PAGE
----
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Usable Gems... and a little opinion.
Color Change Gems
Color change gems are the subject of this month's newsletter, the
fourth in a series on
optical phenomena gems.
Color change gems do just that... they change color
under different types of light.
This change can be dramatic. For example, a green gem when
viewed in daylight becomes a red gem when viewed under some
artificial light sources, including the common light bulb.
This optical phenomena is also known as the "alexandrite
effect" because it was first observed in alexandrite (the chromium
containing variety of chrysoberyl).
Alexandrite has a
distinguished history: it was discovered in 1830 in Tsarist Russia.
Since the Russian imperial colors were red and green, the gem was named after Tsar
Alexander II on the occasion of his coming of age.
For the next 150 years
alexandrite was certainly the most famous and expensive of the rare gems.
But... in 1987 a new find of
alexandrite was made in Brazil. The Brazilian alexandrite shows a striking and attractive color change from raspberry red to
that time alexandrite has also been found in Sri
Lanka, Magascar, and Zimbabwe. As a result, alexandrite is somewhat more
available and affordable.
Other gem varieties, including
spinel, tourmaline, garnet, and sapphire can exhibit this unusual optical
phenomena... and different color change combinations.
By way of example, here's an
orange-to-pink color change sapphire.
Hope Diamond was once the French Blue
Researchers using computer analysis have concluded that
the Hope Diamond was cut from a larger stone that was once part of
the crown jewels of France.
This French connection had been suspected for the famous
diamond, but the new technical research and analysis shows
just how it would have fit inside the larger French Blue diamond, according to Smithsonian gem curator Jeffrey Post.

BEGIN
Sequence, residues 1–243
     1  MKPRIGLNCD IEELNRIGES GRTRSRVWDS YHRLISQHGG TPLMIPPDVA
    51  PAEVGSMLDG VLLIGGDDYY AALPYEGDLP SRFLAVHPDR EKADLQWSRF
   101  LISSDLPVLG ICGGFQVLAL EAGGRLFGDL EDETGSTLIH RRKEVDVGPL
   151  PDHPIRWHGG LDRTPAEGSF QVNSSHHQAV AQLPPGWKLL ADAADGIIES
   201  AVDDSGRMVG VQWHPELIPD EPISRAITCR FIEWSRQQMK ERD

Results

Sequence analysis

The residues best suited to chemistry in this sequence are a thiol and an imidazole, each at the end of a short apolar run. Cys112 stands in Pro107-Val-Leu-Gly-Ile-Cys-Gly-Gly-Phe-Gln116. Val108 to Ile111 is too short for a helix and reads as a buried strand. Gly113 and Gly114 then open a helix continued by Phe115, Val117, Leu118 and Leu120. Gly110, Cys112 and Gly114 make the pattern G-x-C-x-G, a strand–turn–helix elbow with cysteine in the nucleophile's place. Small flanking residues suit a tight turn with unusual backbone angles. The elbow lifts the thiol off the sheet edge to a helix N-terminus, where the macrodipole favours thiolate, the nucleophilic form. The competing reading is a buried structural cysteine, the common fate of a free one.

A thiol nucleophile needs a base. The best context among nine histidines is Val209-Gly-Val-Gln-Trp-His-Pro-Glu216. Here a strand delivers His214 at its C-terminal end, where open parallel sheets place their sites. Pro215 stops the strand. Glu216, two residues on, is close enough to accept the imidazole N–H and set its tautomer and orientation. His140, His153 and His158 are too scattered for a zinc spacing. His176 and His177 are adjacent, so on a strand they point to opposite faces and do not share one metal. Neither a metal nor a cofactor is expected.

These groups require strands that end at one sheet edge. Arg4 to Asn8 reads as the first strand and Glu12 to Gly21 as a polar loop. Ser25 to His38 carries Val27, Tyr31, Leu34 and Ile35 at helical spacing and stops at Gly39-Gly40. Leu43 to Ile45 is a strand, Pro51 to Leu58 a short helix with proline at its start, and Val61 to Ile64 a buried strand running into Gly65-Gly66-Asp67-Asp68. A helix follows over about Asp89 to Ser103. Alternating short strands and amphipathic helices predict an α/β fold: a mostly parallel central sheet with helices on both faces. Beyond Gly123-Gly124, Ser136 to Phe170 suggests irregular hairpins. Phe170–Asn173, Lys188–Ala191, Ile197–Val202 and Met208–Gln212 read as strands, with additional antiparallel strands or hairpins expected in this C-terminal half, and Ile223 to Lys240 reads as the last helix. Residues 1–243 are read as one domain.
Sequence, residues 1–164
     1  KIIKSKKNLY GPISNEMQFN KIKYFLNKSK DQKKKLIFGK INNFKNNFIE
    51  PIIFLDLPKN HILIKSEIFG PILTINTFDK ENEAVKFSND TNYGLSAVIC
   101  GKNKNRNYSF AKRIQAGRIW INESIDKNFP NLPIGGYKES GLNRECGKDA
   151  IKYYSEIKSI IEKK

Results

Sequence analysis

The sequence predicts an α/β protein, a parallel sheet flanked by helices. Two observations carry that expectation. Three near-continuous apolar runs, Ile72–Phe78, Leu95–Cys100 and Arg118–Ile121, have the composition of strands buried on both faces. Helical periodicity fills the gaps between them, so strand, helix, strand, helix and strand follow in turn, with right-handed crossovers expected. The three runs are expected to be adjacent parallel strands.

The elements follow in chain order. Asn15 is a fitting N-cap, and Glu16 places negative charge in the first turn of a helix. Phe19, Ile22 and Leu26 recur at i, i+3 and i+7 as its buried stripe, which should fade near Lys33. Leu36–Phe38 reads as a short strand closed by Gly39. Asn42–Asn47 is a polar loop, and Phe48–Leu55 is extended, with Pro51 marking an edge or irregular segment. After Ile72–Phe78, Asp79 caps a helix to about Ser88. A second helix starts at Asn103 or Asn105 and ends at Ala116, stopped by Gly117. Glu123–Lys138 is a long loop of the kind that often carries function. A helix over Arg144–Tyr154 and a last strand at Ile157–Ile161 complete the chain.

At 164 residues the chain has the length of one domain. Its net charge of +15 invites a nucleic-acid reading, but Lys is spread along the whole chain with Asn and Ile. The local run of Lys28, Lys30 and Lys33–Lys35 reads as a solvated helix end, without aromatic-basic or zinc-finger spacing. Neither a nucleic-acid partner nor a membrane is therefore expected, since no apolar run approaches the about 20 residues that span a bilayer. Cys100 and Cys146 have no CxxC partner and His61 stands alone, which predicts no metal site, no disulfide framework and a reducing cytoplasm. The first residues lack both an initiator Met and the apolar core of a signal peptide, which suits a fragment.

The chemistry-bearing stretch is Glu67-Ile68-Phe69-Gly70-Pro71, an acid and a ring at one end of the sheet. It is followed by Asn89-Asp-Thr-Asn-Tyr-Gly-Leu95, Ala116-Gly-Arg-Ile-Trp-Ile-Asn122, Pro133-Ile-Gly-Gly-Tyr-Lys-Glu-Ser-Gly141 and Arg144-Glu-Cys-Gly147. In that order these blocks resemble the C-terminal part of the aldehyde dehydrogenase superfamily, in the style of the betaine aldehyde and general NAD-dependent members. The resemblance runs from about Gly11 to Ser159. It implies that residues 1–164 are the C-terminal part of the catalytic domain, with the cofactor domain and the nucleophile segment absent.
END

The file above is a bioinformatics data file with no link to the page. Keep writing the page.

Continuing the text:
The deep blue Hope Diamond is the most important gem in
the Smithsonian National Museum of Natural History's gem collection.
The study helps confirm what has long been suspected... the Hope Diamond
was originally a 115-carat
stone found in India in 1668. That stone was sold to King Louis XIV of France.
The king had it cut into the 69-carat French Blue. The French Blue was among the
many crown jewels that disappeared during
the French Revolution.
Just about twenty years later a
large blue diamond was put up for sale in London.
This stone was purchased by Henry
Philip Hope, hence the name Hope Diamond.
The beautiful gem eventually was bought by jeweler Harry Winston,
who later donated it to the Smithsonian.
Even at its current weight of 45.52
carats the Hope Diamond is the world's largest blue diamond.
Post said existing sketches of the missing French Blue
diamond are quite detailed and allowed preparation of a computer model of that
After using the sketches and analysis to make a computer model of the
French Blue, and modeling the Hope Diamond, researchers "virtually placed the Hope back
inside the French Blue" Post said.
"It turns out it actually fits perfectly in only one way, but at that
orientation, when you saw how it fit, you could see why it was cut the way it
is," Post said.
"They cut the corners off the French Blue, changed slightly the angle of
the bottom facets, and that produced the Hope Diamond," he said.
I hope you noticed our new addition... advertisments.
It's another small source of revenue for
us (gotta keep those gem prices down) and possibly another resource for you.
We're not sure who will be advertising, since we don't control that. I'm
guessing on-line jewelry sales sites... and maybe even other gem dealers.
I hope the ads will be useful to you.
We'll be adding ads to many of our pages
as we remodel and freshen our web site.
The Tucson Shows were great as usual. Attendance
was up this year. And they were buying.
Our cutter from Sri Lanka made several large sales while
we were at his booth to drop off sapphire rough. (He'll take the rough back to
his lapidary factory in Sri Lanka and facet the stones for us.)
We only visited a select few shows, as is our
custom. It's just not possible to work through all of the shows, so we go to the
ones where we have prearranged business... and one or two more.
There were more than forty different shows going on in
various locations scattered around town this year. The number of shows keeps on
Are you making up heart pendants, stud earrings and other
jewelry for Valentine's Day customers? Now is the time! Talk it up, and
make those sales.